Education for the prevention of stroke is another aspect of the Stroke Support Association. We provide community education through health fairs and seminars in Long Beach and surrounding areas, and online and printed educational materials about stroke and prevention. Brochures listing symptoms and other important information are available free of charge. A speakers bureau offers education about the causes, effects, symptoms, prevention, resources and adjustment to living with stroke. For more information about Stroke Support Association’s Education program, please contact 562-537-0556
What are the types of stroke?
Stroke can be caused either by a clot obstructing the flow of blood to the brain (called an ischemic stroke) or by a blood vessel rupturing and preventing blood flow to the brain (called a hemorrhagic stroke). A TIA (transient ischemic attack), or “mini stroke”, is caused by a temporary clot.
What are the effects of stroke?
The brain is an extremely complex organ that controls various body functions. If a stroke occurs and blood flow can’t reach the region that controls a particular body function, that part of the body won’t work as it should. Learn more
These links will take you to further information provided by the American Stroke Association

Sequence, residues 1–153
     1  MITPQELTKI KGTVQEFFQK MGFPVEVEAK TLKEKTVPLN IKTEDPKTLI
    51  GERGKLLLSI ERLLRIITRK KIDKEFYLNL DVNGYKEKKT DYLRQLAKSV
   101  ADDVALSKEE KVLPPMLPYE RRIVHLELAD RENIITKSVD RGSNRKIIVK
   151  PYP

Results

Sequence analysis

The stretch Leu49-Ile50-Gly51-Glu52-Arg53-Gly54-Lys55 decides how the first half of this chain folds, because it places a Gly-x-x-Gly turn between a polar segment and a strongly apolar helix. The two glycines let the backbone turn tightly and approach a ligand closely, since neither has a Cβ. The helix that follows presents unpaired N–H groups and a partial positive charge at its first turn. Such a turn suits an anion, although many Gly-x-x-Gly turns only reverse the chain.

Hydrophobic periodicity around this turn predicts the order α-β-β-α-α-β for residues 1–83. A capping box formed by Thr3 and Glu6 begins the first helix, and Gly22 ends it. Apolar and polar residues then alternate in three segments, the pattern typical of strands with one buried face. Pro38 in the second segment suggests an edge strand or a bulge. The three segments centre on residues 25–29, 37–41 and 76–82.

- What risk factors for stroke can’t be changed?
- What stroke risk factors can be changed, treated or controlled?
- What are other, less well-documented risk factors?
Stroke in Children
Finding the cause of a stroke is vital to providing the right treatment and preventing more injury. Doctors can find a cause in about two-thirds of the cases. A common cause of ischemic strokes is that a blood clot forms in the heart and travels to the brain. This can be caused by congenital heart problems such as abnormal valves or infections. In these cases children may need surgery or antibiotics.
Sickle cell disease is a blood disorder that’s associated with ischemic stroke. In sickle cell disease, the blood cell can’t carry oxygen to the brain, and blood vessels leading to the brain may have narrowed or closed. About 10 percent of children with sickle cell disease suffer a stroke. There is a high risk of repeat strokes, but this can be reduced by blood transfusion.
Finally, ischemic strokes can be caused by trauma that injures large arteries and causes a loss of blood flow. For instance, a large artery might be injured when a child has a neck injury.
Stroke is relatively rare in children and infants, but that fact doesn’t matter when you hear that your baby has had a stroke. Follow this link Stroke in Infants to an article in the Stroke Connection Magazine which examines initial and ongoing therapy for infants who’ve experienced stroke as well as emotional development. Read the story of Oliver, who had his stroke when he was one day old.